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Public Prosecutor Vs. Oor Goundan Alias Sommalai Goundan and anr. - Court Judgment

LegalCrystal Citation
SubjectCriminal
CourtChennai
Decided On
Reported inAIR1948Mad242; (1947)2MLJ427
AppellantPublic Prosecutor
RespondentOor Goundan Alias Sommalai Goundan and anr.
Excerpt:
- - in the opinion of the doctor these injuries could have been caused with a knife like m......of the silver waist cord he held could make out a case of misappropriation or theft. in this view the learned judge came to the conclusion that the accused were not guilty and therefore acquitted them.3. the main ground in the memorandum of appeal is that the learned judge should not have referred to the inadmissible portion of the statement made by the first accused to the police, but should have confined himself to the portion actually admitted and that as there was no evidence that the deceased was throttled to death before his head was cut off, the acquittal was not justified. but according to the decision of their lordships of the judicial committee in pulukuri kotayya v. king-emperor (1947) 1 m.l.j. 219 where the view of this court on section 27 of the indian evidence act was.....
Judgment:

Shahabuddin, J.

1. This is an appeal preferred by the Provincial Government against the acquittal of the accused in Sessions Case No. 73 of 1946 in the Court of Session, Salem Division. The charge against the accused was that on or about the 1st May, 1946, they intentionally caused the death of Aran alias Arumuga Padayachi in furtherance of their common intention to kill him. On the evening of the 4th May, the corpse of the deceased Aran was found in the river bed close to the village of Porasalapatti. The head had been severed and it was found at some distance from the trunk. Information of this occurrence was given by P.W. 4 to P.W. 5, the Village Munsiff, and the post mortem examination disclosed an incised injury on the abdomen and another in front of the left armpit. In the opinion of the doctor these injuries could have been caused with a knife like M.O. 1 which was recovered as a result of a statement made by the first accused to the police. The part of this statement marked by the learned Sessions Judge under Section 27 of the Indian Evidence Act, according to the view taken by this Court of that section was this,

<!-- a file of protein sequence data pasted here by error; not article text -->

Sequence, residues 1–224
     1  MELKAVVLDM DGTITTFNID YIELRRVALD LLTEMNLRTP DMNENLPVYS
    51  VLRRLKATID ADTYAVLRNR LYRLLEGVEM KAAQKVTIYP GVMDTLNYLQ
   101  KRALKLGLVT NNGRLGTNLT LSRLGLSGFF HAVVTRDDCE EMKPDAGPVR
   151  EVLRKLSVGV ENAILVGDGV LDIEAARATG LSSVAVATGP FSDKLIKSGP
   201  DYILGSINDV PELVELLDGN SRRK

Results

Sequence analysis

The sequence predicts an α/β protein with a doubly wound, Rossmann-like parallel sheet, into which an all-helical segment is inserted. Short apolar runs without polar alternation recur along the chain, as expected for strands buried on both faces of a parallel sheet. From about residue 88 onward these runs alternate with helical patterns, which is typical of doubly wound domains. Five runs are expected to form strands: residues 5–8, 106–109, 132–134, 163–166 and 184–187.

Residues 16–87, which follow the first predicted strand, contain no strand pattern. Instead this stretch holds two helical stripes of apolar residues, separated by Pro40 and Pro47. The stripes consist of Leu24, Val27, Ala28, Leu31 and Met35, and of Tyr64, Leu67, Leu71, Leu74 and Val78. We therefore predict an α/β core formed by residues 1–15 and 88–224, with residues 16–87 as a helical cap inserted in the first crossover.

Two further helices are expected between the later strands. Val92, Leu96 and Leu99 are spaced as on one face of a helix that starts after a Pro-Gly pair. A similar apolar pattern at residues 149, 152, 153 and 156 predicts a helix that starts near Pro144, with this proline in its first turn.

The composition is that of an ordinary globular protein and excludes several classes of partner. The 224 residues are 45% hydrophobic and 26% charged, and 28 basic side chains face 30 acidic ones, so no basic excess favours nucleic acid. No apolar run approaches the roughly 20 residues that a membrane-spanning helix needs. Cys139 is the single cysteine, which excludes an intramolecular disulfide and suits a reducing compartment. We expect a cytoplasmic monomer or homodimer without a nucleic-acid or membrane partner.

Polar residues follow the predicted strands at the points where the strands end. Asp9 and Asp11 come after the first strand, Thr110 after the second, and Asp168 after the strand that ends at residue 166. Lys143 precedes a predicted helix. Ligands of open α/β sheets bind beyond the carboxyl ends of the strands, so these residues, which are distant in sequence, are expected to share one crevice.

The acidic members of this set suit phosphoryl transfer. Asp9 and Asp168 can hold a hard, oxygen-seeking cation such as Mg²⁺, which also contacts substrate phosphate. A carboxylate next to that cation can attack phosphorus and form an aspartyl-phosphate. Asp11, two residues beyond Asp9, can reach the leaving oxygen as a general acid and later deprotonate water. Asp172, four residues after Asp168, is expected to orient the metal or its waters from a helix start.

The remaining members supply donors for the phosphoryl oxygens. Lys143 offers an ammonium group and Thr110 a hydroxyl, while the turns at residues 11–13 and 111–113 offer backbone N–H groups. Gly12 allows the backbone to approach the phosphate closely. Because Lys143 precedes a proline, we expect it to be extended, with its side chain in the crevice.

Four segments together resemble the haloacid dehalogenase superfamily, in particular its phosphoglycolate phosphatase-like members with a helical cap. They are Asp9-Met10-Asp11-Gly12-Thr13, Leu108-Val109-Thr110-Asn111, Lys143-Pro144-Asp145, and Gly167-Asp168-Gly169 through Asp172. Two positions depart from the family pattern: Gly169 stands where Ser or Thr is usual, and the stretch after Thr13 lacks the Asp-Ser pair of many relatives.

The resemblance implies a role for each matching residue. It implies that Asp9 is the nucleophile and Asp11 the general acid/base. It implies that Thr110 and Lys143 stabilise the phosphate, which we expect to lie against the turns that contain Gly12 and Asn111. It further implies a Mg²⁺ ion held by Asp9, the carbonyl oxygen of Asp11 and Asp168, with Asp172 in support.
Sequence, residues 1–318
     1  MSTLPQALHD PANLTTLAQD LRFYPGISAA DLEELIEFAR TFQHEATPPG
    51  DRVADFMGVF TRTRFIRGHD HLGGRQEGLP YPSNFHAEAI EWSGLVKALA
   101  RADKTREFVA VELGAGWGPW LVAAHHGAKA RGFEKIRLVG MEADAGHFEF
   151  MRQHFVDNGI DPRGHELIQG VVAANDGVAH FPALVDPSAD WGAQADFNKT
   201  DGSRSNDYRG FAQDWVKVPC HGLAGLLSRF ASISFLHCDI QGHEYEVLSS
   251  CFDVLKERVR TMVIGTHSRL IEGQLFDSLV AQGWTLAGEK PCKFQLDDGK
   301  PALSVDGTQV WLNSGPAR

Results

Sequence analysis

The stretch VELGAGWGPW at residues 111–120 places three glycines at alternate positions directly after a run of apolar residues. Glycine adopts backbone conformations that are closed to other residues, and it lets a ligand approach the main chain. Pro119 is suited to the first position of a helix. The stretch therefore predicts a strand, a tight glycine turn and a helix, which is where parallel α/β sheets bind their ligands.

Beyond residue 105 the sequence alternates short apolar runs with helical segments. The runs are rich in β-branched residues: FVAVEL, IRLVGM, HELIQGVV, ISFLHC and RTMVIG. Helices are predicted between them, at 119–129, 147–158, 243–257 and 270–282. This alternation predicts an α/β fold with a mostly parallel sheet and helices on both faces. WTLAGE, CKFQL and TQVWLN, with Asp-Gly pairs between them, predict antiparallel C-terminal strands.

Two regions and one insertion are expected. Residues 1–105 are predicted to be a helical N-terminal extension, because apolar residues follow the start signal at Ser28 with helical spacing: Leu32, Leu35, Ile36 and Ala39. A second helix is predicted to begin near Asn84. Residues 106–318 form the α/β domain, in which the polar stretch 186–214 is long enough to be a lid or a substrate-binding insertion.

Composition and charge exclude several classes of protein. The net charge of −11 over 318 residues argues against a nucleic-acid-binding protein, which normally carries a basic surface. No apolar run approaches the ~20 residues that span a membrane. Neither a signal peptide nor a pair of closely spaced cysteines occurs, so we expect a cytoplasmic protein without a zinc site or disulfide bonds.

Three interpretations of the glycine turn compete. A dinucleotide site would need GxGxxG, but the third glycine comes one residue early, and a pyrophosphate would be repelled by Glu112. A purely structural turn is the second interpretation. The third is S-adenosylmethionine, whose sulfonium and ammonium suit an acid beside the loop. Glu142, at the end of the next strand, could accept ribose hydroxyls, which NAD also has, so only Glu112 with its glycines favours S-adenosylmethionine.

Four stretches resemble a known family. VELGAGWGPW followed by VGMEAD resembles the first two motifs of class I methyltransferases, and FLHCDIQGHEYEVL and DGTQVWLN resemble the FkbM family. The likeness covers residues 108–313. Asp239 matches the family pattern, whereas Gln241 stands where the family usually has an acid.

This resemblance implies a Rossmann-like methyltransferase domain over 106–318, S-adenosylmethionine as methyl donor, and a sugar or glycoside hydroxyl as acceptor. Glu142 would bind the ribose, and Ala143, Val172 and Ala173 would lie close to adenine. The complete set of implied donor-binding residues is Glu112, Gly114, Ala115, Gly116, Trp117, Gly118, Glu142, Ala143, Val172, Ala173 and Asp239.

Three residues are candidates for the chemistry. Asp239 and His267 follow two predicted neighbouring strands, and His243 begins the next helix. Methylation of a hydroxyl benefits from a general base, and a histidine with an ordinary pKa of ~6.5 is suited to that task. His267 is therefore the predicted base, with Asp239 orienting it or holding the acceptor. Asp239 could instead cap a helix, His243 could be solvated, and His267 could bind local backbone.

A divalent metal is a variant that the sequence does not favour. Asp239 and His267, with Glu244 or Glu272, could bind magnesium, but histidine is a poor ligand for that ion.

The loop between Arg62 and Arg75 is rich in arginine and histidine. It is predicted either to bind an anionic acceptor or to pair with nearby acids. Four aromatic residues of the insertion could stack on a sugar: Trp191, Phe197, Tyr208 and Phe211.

Before burying I had cut the belly asunder with the knife. There was a silver waist cord on the waist of the corpse. I removed it and gave it to my brother-in-law. I have buried in the margin of the eastern ridge of my sugarcane garden the knife with which Aran's neck was cut. If you come with me I shall take and give it.

The second accused is the brother-in-law of the first accused and from him a silver waist cord was recovered. There is no direct evidence and the prosecution relied entirely on the statement mentioned above.

2. The learned Sessions Judge however thought it was permissible to peruse the entire statement and having regard to the fact that the portion that was not admitted in evidence was to the effect that Aran had been throttled to death before his head and belly were cut, he considered that the charge of murder had not been proved against the first accused. As regards the second accused he took the view that there was nothing in the evidence to connect him with the murder. The possession of the silver waist cord he held could make out a case of misappropriation or theft. In this view the learned Judge came to the conclusion that the accused were not guilty and therefore acquitted them.

3. The main ground in the memorandum of appeal is that the learned Judge should not have referred to the inadmissible portion of the statement made by the first accused to the police, but should have confined himself to the portion actually admitted and that as there was no evidence that the deceased was throttled to death before his head was cut off, the acquittal was not justified. But according to the decision of their Lordships of the Judicial Committee in Pulukuri Kotayya V. King-Emperor (1947) 1 M.L.J. 219 where the view of this Court on Section 27 of the Indian Evidence Act was overruled, the only portion of the statement made by the first accused to the police that can be admitted in evidence is this,

I have buried in the. margin of the eastern ridge of my sugarcane garden the knife. If you come with me I shall take and give it.

This statement does not connect the accused with the murder. The chemical analysis of the knife did net disclose stains of human blood. There is no other evidence connecting the knife or the accused with the murder. In the circumstances the learned Assistant Public Prosecutor does not rightly press this appeal We therefore dismiss it.


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